PadBank A New Tradition: Here Is How Different Women In India Are Providing Sanitary Napkins To Underprivileged Women

Updated: June 21, 2018 13:35 IST
There was a time when people used to shy away from even uttering the word ‘periods', but Akshay Kumar starrer ‘PadMan' released earlier this year, made an effort to start a discussion around menstruation and menstrual health. From men, women, to youngsters, elderly people, from common man to ministers, people from different walks of life are getting involved to raise the level of menstrual hygiene in India. But some women in India have been running Pad banks for some time now. Here are a few that have been trying to make a difference in the lives of women who don't have access to sanitary pads.
PadBank A New Tradition: Here Is How Different Women In India Are Providing Sanitary Napkins To Underprivileged Women
India's First Digital Sanitary PadBank, Courtesy MLA Bharti Lavekar: Dr Bharati Lavekar, BJP MLA from Versova constituency and the founder of TEE Foundation launched India's first digital sanitary PadBank on May 28, 2017. Through TEE Foundation, Ms Bharati provides sanitary napkins to poor women and girls.

How does it work? The organisation accepts donation, both monetary funding and sanitary napkins from those who can afford it and distribute sanitary napkins among the women and girls in need. The initiative is changing lives of over one lakh women and girls every month.

The TEE team conducts counselling sessions and has installed sanitary napkin vending and disposable machine in various schools and public toilets.

‘Sanitary napkins are a necessity and not a luxury', says Ms. Bharati.

PadBank A New Tradition: Here Is How Different Women In India Are Providing Sanitary Napkins To Underprivileged Women
Pad Sisters From Jaipur Provide Pads For Free: Inspired by the Akshay Kumar starrer ‘PadMan', the Mittal sisters (16-year-old Poorvi and 14-year-old Suhani) opened a PadBank for those who can't afford to buy sanity napkins ever month. Through different collection centres, the team collects sanitary napkins and distributes it among underprivileged women for free. To raise awareness, the team also conducts menstrual hygiene awareness sessions.
PadBank A New Tradition: Here Is How Different Women In India Are Providing Sanitary Napkins To Underprivileged Women

Meet Surat's PadWali Dadi Who Is Voicing The Cause Of Menstrual Hygiene Through Manuni Foundation: In 2012, when 62-year-old Meena Mehta saw four girls picking up used sanitary napkins from garbage bin to reuse them, she realised the state of menstrual hygiene in the country and decided to change it. She along with her husband distributes ‘hygiene kit' to women and girls for free. Hygiene Kit costing Rs. 60 consists of a pack of sanitary napkins, two undergarments, a bar of soap and four shampoo sachets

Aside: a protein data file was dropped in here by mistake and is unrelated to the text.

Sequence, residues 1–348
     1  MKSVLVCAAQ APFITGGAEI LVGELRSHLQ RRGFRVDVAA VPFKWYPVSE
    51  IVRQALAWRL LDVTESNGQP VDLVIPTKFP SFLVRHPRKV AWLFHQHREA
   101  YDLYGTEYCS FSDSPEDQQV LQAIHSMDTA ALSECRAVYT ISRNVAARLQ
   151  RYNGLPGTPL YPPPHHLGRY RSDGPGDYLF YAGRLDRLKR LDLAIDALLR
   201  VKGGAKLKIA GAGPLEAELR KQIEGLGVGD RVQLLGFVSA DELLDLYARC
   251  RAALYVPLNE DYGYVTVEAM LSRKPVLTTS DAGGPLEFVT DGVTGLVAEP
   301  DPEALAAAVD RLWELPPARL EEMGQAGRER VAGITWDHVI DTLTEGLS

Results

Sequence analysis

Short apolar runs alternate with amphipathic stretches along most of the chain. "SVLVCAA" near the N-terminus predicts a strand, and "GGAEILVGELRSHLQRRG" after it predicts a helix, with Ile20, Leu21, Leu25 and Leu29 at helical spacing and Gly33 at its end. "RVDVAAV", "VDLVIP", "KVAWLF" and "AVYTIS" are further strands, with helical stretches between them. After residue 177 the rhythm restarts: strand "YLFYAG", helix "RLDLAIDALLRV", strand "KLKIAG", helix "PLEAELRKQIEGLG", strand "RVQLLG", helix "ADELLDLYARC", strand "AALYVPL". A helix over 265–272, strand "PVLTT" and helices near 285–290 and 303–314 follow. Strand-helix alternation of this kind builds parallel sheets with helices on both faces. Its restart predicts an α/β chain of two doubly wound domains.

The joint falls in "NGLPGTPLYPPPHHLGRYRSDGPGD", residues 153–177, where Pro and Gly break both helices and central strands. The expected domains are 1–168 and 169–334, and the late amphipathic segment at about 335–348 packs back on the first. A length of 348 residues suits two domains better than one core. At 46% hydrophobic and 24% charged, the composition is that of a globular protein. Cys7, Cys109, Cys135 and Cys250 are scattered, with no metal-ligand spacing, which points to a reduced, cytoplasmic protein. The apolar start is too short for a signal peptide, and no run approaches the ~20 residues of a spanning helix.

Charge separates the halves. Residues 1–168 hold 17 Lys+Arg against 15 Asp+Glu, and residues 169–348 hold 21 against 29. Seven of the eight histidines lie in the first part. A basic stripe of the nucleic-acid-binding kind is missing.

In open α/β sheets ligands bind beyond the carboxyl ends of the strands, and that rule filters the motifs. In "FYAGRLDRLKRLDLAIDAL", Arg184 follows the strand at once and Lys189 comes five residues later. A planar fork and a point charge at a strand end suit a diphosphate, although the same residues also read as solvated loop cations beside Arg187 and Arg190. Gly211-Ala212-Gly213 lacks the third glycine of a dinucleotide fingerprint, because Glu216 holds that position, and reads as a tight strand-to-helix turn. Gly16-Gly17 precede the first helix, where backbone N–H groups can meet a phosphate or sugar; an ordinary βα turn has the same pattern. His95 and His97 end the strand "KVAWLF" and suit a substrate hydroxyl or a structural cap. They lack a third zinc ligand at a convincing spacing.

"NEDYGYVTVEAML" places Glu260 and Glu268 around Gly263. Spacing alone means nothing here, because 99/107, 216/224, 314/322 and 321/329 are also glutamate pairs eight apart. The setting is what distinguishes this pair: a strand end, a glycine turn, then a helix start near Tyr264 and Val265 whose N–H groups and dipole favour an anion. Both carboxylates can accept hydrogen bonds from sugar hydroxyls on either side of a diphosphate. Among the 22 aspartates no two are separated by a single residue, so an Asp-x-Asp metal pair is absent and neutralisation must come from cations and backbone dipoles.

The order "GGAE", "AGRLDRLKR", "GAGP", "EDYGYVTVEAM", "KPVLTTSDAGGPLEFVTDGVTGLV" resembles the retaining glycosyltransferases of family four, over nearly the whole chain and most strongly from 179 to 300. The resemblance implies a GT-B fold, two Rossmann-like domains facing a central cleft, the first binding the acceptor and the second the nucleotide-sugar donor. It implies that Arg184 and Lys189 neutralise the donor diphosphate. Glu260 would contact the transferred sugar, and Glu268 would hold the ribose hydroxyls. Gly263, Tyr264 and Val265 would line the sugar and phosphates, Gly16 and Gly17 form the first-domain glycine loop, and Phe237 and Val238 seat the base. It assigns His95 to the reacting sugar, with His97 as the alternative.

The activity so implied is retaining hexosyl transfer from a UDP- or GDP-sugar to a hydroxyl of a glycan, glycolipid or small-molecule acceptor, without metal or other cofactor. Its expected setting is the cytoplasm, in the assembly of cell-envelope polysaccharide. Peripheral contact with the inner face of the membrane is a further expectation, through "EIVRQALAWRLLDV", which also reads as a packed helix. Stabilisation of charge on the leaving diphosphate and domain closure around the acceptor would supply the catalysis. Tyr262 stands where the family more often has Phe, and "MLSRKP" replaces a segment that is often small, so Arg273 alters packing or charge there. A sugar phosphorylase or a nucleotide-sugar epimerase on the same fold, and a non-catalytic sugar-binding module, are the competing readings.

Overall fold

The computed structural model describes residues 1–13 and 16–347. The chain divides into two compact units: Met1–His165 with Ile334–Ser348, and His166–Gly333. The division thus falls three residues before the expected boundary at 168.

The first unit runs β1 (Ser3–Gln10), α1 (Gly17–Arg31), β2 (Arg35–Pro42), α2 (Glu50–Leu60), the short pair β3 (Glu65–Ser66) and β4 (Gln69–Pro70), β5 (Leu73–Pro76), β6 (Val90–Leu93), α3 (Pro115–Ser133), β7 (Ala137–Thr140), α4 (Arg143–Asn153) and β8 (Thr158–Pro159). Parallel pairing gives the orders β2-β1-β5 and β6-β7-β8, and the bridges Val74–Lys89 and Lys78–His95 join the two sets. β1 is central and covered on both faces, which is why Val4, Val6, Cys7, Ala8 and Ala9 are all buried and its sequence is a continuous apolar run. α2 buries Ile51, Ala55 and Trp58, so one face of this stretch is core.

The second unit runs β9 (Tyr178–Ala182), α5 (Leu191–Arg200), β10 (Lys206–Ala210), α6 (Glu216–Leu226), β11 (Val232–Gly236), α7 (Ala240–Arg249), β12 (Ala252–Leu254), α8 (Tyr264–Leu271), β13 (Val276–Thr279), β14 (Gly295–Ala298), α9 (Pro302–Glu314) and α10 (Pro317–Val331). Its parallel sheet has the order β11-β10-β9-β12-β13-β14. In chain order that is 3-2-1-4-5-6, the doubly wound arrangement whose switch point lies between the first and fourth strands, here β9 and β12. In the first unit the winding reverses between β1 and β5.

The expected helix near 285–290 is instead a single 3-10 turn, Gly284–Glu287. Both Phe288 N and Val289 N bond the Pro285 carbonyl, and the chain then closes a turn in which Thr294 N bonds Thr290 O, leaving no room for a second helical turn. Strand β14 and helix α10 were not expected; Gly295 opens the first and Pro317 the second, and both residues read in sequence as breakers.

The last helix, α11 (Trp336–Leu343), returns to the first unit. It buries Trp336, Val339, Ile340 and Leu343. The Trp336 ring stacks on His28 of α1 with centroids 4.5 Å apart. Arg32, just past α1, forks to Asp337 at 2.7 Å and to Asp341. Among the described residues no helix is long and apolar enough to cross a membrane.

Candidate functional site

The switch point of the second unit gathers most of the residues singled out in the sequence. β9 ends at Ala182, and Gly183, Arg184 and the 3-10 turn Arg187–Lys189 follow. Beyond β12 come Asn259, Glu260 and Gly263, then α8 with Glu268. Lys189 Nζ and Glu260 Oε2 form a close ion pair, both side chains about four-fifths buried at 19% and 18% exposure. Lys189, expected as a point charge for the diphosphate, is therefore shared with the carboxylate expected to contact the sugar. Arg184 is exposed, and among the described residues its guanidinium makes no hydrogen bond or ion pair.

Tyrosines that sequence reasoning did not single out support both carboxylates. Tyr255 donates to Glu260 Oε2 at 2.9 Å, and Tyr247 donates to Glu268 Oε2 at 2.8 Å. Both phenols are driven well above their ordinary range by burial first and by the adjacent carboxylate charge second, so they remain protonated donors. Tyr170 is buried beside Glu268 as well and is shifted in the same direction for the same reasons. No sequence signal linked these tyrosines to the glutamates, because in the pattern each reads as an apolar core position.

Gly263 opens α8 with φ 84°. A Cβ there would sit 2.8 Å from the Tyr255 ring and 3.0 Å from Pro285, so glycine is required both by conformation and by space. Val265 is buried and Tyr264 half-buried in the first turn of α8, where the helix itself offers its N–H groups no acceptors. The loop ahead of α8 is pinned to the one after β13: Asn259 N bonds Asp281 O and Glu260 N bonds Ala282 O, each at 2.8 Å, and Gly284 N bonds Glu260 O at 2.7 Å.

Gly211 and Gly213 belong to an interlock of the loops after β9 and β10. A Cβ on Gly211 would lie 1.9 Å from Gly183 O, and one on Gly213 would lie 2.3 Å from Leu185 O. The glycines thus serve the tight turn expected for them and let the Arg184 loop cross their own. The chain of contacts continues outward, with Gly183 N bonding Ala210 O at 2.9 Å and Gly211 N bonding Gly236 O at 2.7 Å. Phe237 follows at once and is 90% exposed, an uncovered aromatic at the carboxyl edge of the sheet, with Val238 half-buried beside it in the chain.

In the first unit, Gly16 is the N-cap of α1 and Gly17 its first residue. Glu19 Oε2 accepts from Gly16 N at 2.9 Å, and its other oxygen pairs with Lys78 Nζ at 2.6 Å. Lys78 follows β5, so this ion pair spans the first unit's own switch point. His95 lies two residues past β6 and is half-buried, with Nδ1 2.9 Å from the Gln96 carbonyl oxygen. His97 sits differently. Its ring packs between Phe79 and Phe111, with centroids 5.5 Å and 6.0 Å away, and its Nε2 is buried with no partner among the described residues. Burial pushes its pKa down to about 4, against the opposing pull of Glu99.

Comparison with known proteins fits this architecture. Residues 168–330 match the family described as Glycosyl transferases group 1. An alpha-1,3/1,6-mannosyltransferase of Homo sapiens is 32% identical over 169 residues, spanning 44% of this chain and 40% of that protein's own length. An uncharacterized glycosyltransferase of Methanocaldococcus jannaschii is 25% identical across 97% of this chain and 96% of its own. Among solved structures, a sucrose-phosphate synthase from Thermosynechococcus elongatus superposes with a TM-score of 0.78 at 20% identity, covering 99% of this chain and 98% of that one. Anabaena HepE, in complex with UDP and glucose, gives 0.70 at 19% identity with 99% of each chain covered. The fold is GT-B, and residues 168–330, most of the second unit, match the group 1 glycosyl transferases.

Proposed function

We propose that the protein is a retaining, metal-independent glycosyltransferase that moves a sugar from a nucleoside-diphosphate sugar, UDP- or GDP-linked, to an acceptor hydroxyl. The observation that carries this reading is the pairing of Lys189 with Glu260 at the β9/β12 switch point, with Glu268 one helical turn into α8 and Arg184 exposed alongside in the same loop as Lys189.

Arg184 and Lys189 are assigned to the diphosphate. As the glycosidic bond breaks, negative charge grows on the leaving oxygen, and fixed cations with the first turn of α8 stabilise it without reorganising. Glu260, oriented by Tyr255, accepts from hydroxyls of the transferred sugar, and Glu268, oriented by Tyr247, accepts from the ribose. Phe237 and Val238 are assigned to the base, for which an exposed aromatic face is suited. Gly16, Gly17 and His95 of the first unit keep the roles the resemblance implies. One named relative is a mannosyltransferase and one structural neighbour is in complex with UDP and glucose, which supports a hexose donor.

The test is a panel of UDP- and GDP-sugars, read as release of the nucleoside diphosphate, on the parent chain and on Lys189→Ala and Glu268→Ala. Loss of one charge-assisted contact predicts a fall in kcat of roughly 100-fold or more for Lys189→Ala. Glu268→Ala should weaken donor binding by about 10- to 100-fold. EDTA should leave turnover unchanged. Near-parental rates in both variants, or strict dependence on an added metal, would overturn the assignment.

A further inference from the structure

How do they do it? The elderly duo shells out money from their own pocket and accepts donations as well. Every month, the duo visits slums and municipal schools and distributes it among women and girls.

PadBank A New Tradition: Here Is How Different Women In India Are Providing Sanitary Napkins To Underprivileged Women

Bihar Got Its First PadBank In 2014, Thanks To Nav Astitwa Foundation: In 2014, three friends, Amrita Singh, Pallavi Sinha and Dr Archana Kumari started, ‘Swachh Betiyan, Swachh Samaj'. Under the initiative, they launched the first PadBank in Bihar and issued a passbook to every woman which is valid for five years. By showing the passbook, women and girls can collect monthly stock of sanitary napkins at a cost of Rs. 20.The reason behind issuing a passbook is to regularise the usage of sanitary napkins.

To ensure menstrual hygiene in schools and colleges, the Foundation has installed sanitary napkin vending machine with incinerators at various schools and colleges. Along with this, the trio also conducts regular awareness sessions.

PadBank A New Tradition: Here Is How Different Women In India Are Providing Sanitary Napkins To Underprivileged Women

Pinkishe Foundation: Bridging The Gap Between Haves And Have Nots: Taking inspiration from blood bank, Khyati, then (2017) a class 11 student, told her father about her will to open a sanitary napkin padbank to provide sanitary napkins to less fortunate women and girls. Like this, in 2017, Pinkishe Foundation, based in Uttar Pradesh and spread across 50 cities in India was launched. The foundation procures sanitary napkins via donations and distributes among the one who cannot afford it. This way, the team has collected over 10,000 pads.

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